Media outlets cooked up the term “Fake News,” in part, to discredit Donald Trump’s improbable Election Day victory.
Conservatives quickly hijacked the phrase to illustrate the liberal bias infecting today’s headlines.
Filmmaker Phelim McAleer says the worst instance of Fake News in recent memory had nothing to do with Trump.
“The way the media reported on Ferguson is the most extreme example of fake news in recent years,” says McAleer, referring to coverage of the 2014 shooting death of a black man, Michael Brown, by a white police officer.
The provocateur behind “FrackNation” cites stories featuring “so-called eyewitnesses” supporting the narrative that Brown had his hands up when he was shot. That testimony often defied the law of physics, he says. Only reporters didn’t attempt to corroborate them.
“It’s a simple piece of journalism. Go to the apartment and look out the window,” he says. “[Reporters] didn’t do basic journalism. They were more concerned with the fake news narrative.”
Not McAleer. It’s why he mounted a stage production two years ago inspired by the shooting. His “Ferguson” stage reading used transcripts of the grand jury testimony tied to the case, which exonerated Officer Darren Wilson, for its source material.
No creative license. No dramatic interpretation or fictional characters. Just the facts, in sharp contrast to some mainstream media reporting.
Now, McAleer is bringing “Ferguson” to New York. No, it won’t appear on Broadway yet but a smaller setting – Urban Stages. And he needs your help. A new crowdfunding campaign hopes to raise $48,000 to make the play a reality.
And this won’t be a gaggle of actors reading from a script. McAleer promises a full stage presentation relying once again on grand jury transcripts as the source material.
The new show’s inspiration came from a Broadway protest targeting Vice President Mike Pence. The stars of the celebrated show “Hamilton” ended a performance attended by Pence by delivering the following lecture:
“We, sir — we — are the diverse America who are alarmed and anxious that your new administration will not protect us, our planet, our children, our parents, or defend us and uphold our inalienable rights,” he said. “We truly hope that this show has inspired you to uphold our American values and to work on behalf all of us.”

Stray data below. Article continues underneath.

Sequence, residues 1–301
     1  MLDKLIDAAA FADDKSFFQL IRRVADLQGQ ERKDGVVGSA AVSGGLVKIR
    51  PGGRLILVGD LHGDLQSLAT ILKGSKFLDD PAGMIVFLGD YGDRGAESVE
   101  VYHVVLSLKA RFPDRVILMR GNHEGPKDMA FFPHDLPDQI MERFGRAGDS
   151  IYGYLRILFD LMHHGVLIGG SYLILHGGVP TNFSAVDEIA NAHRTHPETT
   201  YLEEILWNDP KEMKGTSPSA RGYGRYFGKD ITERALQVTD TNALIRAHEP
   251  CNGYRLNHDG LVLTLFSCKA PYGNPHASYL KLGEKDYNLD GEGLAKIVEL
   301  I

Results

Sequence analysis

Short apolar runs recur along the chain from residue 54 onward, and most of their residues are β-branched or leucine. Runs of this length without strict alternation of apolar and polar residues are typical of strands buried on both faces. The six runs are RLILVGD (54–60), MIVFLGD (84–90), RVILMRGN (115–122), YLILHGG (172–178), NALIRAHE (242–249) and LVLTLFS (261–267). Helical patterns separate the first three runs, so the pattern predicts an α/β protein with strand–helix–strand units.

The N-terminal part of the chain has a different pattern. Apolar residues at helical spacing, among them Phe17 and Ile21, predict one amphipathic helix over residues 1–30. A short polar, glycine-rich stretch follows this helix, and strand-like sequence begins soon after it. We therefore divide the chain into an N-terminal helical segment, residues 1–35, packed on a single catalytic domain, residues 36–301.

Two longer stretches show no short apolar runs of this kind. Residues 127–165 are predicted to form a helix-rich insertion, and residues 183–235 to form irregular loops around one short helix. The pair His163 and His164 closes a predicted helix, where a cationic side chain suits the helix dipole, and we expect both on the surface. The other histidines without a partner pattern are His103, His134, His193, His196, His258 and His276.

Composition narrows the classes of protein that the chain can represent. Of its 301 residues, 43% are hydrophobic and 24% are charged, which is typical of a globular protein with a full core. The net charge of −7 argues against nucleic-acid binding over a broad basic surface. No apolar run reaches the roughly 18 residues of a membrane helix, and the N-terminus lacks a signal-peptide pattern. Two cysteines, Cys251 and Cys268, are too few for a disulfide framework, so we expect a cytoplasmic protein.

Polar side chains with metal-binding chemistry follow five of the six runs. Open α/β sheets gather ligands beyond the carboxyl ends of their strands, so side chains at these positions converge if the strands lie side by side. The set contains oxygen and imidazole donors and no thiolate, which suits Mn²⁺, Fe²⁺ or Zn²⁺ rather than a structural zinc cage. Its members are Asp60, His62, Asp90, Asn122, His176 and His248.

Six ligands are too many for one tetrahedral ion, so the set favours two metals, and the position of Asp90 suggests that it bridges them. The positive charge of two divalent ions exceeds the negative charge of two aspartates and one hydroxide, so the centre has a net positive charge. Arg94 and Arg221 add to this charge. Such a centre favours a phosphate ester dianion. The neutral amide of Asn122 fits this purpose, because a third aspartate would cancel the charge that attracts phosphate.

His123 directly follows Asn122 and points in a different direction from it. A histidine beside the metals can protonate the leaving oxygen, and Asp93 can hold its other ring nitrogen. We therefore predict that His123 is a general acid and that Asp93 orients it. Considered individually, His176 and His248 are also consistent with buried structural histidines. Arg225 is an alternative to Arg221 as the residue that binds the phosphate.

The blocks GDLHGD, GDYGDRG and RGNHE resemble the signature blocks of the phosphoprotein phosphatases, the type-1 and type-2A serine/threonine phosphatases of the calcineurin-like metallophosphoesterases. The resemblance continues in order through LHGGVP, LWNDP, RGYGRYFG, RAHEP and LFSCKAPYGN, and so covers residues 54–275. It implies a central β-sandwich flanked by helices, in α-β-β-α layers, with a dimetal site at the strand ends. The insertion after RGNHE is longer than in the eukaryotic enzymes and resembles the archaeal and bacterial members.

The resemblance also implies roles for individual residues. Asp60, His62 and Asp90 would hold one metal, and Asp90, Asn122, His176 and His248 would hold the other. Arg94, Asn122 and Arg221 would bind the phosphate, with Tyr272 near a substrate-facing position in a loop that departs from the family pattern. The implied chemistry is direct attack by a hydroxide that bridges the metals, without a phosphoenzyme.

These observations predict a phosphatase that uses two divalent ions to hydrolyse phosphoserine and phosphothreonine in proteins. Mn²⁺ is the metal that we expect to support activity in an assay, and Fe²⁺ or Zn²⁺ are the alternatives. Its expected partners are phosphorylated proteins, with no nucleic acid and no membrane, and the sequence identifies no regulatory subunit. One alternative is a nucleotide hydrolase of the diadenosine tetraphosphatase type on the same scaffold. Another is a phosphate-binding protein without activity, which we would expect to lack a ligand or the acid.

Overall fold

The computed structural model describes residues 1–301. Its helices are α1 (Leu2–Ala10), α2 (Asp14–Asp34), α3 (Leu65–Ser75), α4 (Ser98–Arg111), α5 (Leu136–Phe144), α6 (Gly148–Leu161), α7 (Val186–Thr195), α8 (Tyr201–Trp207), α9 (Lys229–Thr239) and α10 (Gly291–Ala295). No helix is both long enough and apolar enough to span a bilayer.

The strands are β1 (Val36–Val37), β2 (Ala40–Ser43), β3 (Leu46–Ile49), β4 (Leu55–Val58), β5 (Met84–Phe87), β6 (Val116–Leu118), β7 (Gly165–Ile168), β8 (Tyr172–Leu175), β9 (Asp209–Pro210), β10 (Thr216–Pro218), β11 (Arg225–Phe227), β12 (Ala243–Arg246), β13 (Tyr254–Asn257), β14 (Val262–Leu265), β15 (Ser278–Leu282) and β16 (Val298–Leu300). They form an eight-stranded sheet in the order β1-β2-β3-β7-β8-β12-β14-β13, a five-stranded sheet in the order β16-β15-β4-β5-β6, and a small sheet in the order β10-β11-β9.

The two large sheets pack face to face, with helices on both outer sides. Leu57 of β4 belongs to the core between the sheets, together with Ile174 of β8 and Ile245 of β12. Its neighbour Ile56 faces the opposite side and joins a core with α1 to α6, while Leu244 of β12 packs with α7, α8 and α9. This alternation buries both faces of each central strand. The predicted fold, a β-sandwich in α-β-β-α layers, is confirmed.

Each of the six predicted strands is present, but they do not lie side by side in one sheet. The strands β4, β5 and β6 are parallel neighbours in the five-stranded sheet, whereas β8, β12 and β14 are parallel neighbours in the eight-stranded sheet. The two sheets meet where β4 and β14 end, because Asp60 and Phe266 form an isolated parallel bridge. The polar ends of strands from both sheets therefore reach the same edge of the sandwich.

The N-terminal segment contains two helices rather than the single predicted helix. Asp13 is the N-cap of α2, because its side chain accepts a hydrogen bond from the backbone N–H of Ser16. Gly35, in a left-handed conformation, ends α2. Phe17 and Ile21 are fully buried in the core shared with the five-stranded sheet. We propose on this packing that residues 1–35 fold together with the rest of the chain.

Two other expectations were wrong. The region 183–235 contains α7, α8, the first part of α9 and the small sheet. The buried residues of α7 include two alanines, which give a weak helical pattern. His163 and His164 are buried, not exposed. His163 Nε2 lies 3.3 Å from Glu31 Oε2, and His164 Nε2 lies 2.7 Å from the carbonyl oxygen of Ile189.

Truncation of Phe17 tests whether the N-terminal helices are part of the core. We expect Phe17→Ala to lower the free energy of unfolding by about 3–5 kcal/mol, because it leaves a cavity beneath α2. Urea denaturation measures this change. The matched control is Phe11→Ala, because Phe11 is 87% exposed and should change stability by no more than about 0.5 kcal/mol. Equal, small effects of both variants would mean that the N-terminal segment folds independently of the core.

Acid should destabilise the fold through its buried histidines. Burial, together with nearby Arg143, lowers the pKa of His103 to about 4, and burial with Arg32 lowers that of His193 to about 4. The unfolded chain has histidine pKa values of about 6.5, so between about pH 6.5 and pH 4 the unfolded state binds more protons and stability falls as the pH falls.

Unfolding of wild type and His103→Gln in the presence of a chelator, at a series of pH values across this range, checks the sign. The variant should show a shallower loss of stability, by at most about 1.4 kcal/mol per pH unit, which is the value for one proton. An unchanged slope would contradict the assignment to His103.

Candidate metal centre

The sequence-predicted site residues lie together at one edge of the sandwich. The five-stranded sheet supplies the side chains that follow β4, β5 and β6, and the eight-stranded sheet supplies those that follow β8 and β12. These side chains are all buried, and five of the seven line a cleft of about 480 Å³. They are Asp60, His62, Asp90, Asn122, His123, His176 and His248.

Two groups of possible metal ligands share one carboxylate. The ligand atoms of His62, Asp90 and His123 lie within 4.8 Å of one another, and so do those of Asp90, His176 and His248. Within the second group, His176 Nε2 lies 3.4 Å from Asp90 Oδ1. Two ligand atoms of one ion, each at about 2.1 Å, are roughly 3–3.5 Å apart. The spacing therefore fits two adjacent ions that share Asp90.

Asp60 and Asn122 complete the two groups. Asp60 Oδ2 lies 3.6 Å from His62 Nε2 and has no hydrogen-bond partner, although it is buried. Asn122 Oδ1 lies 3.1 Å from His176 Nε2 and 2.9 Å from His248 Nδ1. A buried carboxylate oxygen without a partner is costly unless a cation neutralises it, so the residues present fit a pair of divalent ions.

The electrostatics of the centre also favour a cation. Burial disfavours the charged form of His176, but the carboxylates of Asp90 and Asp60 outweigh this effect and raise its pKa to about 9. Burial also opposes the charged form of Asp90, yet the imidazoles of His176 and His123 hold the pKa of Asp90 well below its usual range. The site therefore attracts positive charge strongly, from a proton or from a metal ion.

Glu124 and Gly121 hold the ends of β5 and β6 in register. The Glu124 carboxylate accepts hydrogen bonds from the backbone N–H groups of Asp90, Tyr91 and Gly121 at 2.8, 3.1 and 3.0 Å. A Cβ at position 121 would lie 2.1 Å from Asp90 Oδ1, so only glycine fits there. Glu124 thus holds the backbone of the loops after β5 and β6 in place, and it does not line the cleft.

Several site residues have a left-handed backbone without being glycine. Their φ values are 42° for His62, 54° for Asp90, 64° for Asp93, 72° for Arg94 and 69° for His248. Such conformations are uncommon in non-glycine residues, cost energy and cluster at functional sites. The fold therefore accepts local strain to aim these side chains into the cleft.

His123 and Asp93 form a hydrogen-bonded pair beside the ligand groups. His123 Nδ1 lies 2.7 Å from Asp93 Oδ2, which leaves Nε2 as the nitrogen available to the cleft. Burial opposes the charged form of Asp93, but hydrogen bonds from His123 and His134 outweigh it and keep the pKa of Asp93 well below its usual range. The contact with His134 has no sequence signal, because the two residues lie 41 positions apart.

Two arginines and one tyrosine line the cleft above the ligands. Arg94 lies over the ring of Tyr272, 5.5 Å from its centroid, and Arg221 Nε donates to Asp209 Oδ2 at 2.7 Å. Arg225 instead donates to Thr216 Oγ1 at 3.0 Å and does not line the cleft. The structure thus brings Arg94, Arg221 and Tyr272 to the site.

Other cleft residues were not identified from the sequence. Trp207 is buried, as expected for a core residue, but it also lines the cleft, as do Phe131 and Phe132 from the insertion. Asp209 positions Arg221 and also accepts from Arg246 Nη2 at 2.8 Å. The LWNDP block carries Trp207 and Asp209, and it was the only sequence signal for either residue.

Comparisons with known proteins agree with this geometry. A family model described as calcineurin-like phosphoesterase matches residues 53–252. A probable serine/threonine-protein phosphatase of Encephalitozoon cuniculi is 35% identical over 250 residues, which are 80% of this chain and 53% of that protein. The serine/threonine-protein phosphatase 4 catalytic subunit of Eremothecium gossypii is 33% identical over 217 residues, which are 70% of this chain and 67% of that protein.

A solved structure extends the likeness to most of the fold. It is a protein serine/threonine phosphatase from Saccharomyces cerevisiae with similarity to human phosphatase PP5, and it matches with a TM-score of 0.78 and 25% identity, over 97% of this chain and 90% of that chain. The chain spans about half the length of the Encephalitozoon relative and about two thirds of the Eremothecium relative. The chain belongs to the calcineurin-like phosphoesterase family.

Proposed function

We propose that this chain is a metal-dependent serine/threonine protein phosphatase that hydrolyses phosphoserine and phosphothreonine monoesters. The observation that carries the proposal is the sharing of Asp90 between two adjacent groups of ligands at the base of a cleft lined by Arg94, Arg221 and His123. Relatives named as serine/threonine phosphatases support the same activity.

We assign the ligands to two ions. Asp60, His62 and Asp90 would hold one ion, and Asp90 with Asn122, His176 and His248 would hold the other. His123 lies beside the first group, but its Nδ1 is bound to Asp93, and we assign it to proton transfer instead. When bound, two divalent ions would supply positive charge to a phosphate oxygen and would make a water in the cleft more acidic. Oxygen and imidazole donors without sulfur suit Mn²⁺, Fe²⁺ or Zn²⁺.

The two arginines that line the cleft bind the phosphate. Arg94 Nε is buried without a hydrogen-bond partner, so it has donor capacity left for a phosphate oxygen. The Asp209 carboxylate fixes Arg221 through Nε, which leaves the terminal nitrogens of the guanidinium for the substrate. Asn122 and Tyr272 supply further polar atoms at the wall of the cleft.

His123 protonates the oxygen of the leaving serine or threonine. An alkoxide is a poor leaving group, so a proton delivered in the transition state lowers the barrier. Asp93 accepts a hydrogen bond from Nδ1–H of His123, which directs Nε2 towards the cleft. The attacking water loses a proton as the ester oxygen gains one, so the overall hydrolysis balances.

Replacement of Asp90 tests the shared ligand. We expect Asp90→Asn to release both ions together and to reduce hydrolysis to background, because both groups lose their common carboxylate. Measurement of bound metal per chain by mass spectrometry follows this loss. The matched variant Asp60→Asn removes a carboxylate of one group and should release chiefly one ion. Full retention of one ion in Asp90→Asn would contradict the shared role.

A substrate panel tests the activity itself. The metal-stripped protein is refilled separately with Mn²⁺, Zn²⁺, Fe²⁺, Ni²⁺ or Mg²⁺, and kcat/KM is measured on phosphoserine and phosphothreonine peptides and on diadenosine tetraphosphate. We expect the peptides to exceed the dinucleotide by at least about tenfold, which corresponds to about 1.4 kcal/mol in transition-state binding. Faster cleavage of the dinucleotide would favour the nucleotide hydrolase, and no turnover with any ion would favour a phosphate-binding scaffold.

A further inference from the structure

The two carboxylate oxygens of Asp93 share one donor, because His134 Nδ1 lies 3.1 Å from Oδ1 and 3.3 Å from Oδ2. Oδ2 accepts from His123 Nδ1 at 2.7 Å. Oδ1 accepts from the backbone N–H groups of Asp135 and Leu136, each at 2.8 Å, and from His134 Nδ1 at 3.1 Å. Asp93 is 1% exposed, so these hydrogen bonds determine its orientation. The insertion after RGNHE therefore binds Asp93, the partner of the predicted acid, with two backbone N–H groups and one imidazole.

“They told the audience, ‘no conservatives are welcome there,’” McAleer says. “I’m saying to them [with ‘Ferguson’], ‘Here I am. What do you think of this?’ Don’t tell me where I can go with my art,” he says.
Nine actors hired to appear in the L.A. production two years ago quit during rehearsals. Some objected to the play conflicting with the narrative they chose to believe. McAleer says he isn’t having a problem attracting actors for the upcoming production.
“So far, so good,” he says of the casting process.
McAleer has enjoyed huge success with crowdfunding ventures up until now. His “Gosnell” Indiegogo project shattered a record for the most money raised for a film – $2.1 million. The feature, directed by Nick Searcy, hits theaters this fall.
rowdfunding remains a very difficult task, he says. Attracting a right-of-center audience doesn’t help.
“It’s something conservatives need to get behind,” he says of crowdfunding. “It’s a very collectivist idea. The Left is more keen to go with it.”
McAleer won’t be done with “Ferguson” following its Urban Stages debut. He has bigger plans for the production.
“I’d like to go to Broadway …. then take it to Ferguson itself. It really needs a dose of truth,” he says. “Truth is much more interesting than fiction.”